Making History Count in the Primary Classroom: digging deeper into Ofsted’s history research review for primary colleagues

In July I was invited by the University of Nottingam Primary Education Network to talk to speak with our primary partnership colleagues about history teaching and the implications of Ofsted’s History Research Review.

I approached this task with some trepidation – I am not a primary phase specialist and am acutely aware of the distinct and important role primary teachers play in a child’s education before they ever reach the secondary phase. I do not, therefore, claim to have expertise in this phase. Instead I was hoping simply to reflect on the research review and also to introduce the foundational ideas that lie behind the discipline of history as a school subject. Many other people have written about this far more eloquently and expertly than me, and I would strongly recommend following up with primary history specialists – membership of the Historical Association and their Primary History journal would be the best place to start!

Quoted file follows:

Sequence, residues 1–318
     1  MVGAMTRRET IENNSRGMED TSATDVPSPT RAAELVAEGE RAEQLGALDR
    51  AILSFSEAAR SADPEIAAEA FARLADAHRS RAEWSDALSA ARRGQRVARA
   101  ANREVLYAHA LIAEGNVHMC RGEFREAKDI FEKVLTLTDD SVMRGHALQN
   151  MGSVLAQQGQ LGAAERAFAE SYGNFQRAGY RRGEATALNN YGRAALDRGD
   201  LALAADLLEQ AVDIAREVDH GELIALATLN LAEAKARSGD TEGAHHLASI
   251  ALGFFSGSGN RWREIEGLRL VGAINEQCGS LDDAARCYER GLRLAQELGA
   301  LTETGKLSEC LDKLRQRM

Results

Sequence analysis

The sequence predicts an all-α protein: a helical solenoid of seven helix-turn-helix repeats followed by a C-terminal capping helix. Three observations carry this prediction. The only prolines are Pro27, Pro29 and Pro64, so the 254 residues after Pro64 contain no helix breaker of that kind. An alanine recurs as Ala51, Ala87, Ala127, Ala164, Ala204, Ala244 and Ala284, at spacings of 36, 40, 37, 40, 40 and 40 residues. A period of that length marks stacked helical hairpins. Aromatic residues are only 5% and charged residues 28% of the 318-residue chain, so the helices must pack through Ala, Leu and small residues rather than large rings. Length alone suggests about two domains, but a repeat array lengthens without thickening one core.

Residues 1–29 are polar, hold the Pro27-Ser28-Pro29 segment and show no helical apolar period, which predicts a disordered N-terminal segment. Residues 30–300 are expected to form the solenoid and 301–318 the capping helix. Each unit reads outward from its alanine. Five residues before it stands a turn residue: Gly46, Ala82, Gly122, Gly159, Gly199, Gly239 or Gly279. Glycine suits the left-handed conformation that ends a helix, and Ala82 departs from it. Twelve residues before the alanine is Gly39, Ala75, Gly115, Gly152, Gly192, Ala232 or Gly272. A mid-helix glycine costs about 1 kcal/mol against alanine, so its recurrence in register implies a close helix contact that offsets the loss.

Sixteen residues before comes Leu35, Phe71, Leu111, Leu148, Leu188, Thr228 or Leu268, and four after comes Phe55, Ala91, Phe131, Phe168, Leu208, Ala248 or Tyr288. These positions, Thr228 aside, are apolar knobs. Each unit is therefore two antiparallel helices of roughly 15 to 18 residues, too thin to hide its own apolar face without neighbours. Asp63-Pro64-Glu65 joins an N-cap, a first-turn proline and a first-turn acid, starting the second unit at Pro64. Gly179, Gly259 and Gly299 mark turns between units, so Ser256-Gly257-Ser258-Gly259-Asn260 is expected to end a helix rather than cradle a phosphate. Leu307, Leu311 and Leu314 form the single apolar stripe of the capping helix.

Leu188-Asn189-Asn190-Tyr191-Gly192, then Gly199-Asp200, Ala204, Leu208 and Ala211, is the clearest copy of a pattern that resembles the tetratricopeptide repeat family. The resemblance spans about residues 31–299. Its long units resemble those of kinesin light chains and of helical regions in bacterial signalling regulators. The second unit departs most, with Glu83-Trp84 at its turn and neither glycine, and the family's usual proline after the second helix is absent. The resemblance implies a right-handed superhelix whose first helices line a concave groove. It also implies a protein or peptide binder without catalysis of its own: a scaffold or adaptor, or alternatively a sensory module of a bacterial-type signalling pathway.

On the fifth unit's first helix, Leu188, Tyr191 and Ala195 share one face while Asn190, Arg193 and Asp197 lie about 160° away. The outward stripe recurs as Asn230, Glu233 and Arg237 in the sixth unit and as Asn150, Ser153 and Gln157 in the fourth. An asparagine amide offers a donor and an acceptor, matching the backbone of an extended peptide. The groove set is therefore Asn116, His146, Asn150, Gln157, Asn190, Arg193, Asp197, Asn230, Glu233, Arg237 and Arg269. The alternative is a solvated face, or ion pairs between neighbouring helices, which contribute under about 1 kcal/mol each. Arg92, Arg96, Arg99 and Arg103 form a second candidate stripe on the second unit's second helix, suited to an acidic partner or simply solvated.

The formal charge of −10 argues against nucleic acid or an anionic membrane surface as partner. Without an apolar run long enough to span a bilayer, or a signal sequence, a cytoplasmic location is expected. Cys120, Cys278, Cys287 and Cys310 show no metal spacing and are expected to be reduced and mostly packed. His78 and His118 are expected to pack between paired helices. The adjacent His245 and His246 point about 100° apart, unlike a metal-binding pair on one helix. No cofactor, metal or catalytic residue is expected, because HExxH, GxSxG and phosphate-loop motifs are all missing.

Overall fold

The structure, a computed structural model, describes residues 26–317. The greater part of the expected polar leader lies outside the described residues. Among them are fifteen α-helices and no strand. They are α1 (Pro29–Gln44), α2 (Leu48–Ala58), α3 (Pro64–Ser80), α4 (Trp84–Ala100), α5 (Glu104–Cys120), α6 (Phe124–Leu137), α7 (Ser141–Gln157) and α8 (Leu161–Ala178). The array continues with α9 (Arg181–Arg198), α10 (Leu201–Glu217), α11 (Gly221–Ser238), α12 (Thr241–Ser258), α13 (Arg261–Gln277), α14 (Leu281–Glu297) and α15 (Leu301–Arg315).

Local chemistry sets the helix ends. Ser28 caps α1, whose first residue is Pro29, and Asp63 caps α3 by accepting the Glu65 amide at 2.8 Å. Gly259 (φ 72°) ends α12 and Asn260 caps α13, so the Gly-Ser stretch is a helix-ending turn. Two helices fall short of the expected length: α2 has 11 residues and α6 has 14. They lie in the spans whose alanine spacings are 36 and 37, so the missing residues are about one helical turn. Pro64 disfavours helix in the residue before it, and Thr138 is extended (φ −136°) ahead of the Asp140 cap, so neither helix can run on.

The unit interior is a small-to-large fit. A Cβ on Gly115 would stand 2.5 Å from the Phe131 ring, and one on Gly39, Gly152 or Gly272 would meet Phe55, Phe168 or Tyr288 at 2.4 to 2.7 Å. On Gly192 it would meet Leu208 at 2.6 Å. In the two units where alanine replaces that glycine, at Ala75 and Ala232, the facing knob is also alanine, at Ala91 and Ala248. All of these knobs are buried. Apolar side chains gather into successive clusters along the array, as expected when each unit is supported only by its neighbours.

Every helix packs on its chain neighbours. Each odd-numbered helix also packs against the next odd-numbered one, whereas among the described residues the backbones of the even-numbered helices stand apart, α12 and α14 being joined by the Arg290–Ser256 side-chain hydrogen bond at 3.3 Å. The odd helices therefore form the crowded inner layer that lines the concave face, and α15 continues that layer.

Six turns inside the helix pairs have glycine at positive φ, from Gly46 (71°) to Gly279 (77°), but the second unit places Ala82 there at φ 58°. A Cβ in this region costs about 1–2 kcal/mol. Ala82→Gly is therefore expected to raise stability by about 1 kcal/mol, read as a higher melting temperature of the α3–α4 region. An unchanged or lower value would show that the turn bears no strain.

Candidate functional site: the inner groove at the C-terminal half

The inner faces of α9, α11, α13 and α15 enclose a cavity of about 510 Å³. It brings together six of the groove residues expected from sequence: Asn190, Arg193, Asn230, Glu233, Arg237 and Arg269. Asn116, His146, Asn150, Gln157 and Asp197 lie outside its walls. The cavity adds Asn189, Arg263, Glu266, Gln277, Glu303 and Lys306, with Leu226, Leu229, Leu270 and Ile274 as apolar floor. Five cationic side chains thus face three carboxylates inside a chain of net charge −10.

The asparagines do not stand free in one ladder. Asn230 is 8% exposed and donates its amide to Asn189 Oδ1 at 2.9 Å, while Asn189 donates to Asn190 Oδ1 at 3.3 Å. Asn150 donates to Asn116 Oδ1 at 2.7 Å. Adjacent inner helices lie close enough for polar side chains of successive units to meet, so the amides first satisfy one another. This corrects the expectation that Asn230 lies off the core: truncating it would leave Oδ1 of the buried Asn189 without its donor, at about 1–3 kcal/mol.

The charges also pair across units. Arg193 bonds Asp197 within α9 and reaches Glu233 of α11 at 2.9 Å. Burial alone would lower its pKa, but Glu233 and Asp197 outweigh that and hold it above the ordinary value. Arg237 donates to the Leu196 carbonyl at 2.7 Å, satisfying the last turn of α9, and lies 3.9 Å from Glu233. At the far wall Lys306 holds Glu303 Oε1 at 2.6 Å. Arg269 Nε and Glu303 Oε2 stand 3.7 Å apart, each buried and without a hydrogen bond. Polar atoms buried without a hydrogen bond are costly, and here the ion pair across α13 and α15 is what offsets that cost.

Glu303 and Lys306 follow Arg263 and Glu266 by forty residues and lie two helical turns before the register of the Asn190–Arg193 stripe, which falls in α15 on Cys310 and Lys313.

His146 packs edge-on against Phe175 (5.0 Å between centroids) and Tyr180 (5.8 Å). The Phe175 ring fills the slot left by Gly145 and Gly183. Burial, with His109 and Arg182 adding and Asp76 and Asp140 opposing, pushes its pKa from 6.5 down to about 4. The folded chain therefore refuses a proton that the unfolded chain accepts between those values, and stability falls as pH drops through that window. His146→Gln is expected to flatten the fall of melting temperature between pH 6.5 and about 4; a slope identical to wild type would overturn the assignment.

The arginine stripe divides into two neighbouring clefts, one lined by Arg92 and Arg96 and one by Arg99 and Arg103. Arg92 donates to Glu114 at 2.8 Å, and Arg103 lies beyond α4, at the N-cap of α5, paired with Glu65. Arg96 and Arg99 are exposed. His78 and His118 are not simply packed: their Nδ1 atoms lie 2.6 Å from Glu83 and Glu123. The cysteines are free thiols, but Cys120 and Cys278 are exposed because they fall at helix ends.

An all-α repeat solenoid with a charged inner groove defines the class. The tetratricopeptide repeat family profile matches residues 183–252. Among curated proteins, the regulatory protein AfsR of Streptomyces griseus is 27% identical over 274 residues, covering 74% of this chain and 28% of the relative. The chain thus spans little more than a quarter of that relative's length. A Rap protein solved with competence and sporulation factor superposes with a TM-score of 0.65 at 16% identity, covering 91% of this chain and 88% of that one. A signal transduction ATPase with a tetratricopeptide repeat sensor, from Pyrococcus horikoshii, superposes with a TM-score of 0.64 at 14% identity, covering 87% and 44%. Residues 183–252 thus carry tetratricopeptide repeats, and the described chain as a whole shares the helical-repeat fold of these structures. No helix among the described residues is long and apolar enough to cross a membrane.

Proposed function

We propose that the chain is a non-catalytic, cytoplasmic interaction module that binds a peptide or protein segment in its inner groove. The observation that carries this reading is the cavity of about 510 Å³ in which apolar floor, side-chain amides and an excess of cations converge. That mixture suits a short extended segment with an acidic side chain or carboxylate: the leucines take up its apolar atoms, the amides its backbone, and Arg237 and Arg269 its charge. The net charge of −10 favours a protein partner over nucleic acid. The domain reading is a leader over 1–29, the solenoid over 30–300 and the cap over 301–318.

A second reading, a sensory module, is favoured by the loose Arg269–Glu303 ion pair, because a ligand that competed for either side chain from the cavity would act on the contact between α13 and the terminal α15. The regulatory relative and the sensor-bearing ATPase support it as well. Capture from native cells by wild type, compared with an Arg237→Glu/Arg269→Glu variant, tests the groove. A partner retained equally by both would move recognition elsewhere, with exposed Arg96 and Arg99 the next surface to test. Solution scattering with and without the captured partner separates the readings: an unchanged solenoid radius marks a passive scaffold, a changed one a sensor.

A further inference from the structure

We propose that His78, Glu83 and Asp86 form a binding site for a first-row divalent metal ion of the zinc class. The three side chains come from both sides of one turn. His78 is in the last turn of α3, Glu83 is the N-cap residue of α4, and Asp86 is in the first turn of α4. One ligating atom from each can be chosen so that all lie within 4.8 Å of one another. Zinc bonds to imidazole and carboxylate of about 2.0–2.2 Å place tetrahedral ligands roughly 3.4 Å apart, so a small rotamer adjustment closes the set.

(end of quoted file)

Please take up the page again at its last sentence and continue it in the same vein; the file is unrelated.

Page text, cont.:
Following the PEN my wonderful Primary Phase colleague, Rachel Peckover, wrote a blog summarising the presentation and the key takeaways she felt were most helpful for primary colleagues.

You can read the write up of this presentation HERE.

We hope it is supportive for non-specialist primary colleagues trying to make sense of the history curriculum.

I would also like to add thanks to Ailsa Fidler who generously allowed me run some ideas past her as I developed the session.

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